A young contractor of Samsung Electronics’ customer service arm died of what appears to be overwork, after putting in an average 60 hours a week in the past four months since May.
Deadly Peak Season
On Sept. 27, Yim Hyeon-woo, an employee with Daegu Service Co, a contractor for Samsung Electronics Service, died of a brain hemorrhage. Samsung Electronics Service is a wholly owned customer service subsidiary of Samsung Electronics Co., Ltd.
The 36 year-old-repairman worked 52 hours a week at the least and more than 80 hours a week at the most in May-August of 2013, the peak season for electronics repairs, according to his work schedules obtained by independent news weekly Media Today.<Korean>
Throughout May and June, Yim worked on weekends and took only one day off. He took 30 minutes a day for lunch while visiting tens of homes and offices daily to repair or collect a variety of Samsung electronic products in the city of Daegu, South Korea’s third-largest city. At each visit, he was required to send a picture of him to his supervisor as proof that he was keeping up with the daily schedule.
Yim could only take time off for medical treatment at the cost of his piecework pay, according to a number of independent-media reports.
Yim’s “death allegedly from overwork” was the direct result of Samsung Electronics’ outsourcing policy.
Samsung Electronics outsources all repair and maintenance work to Samsung Electronics Service. Samsung Electronics Service in turn directly owns only nine of its 107 repair branches. The remaining 98 are contractors who hire the most of Samsung’s about 6,000-strong repair staff mainly on a piecework basis.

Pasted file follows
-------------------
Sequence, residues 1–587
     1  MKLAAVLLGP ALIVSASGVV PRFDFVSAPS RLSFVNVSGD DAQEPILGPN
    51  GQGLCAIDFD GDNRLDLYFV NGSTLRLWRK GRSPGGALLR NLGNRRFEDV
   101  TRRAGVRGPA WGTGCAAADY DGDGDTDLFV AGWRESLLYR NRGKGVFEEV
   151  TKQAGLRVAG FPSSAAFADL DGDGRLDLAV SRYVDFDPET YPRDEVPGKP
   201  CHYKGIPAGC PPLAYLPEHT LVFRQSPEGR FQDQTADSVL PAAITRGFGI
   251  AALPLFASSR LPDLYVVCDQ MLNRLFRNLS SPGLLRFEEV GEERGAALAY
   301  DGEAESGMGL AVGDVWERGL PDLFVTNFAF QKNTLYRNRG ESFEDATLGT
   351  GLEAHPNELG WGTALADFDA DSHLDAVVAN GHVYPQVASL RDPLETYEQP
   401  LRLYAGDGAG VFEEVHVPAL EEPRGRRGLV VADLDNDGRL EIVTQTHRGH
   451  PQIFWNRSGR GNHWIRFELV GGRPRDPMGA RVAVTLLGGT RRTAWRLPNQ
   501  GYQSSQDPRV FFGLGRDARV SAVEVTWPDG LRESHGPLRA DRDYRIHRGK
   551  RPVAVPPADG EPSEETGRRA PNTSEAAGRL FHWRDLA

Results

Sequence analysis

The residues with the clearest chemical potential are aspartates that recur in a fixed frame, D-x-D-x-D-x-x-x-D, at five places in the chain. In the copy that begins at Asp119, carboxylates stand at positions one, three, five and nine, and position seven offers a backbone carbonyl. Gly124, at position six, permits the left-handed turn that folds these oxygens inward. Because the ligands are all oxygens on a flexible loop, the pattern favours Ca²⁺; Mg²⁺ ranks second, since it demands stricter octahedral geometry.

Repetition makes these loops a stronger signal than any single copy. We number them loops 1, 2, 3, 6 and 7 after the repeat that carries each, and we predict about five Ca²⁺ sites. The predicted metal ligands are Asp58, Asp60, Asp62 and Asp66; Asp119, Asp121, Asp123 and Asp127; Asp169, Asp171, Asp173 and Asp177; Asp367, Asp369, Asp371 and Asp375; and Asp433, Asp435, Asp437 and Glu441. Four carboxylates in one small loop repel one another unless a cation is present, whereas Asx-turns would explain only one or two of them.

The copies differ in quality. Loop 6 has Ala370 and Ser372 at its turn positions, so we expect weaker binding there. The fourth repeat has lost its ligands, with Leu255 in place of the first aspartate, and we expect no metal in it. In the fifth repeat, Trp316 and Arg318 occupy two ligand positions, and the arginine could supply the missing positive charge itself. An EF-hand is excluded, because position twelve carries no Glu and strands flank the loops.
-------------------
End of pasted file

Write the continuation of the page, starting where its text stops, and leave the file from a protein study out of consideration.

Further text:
In August, about 1,600 workers from 64 branches formed a trade union, demanding Samsung Electronics Service to grant them full-time status in the company. Samsung Electronics Service effectively controls the entire repair network. It controls pay distribution for contractors and directly assigns jobs to the contract repair personnel. Also, Samsung Electronic Service regularly audits the finances of its contractors.
For Samsung, All Is Above-Board
In September, South Korea’s Ministry of Employment and Labor ruled that Samsung should pay the contract workers overtime. However, it concluded that the way Samsung outsources repair work does not contravene the law.
The South Korean government’s acquiescence allows Samsung to continuously dump dangerous and dirty work onto small and vulnerable contractors, which in turn pass cost on to an army of contract workers.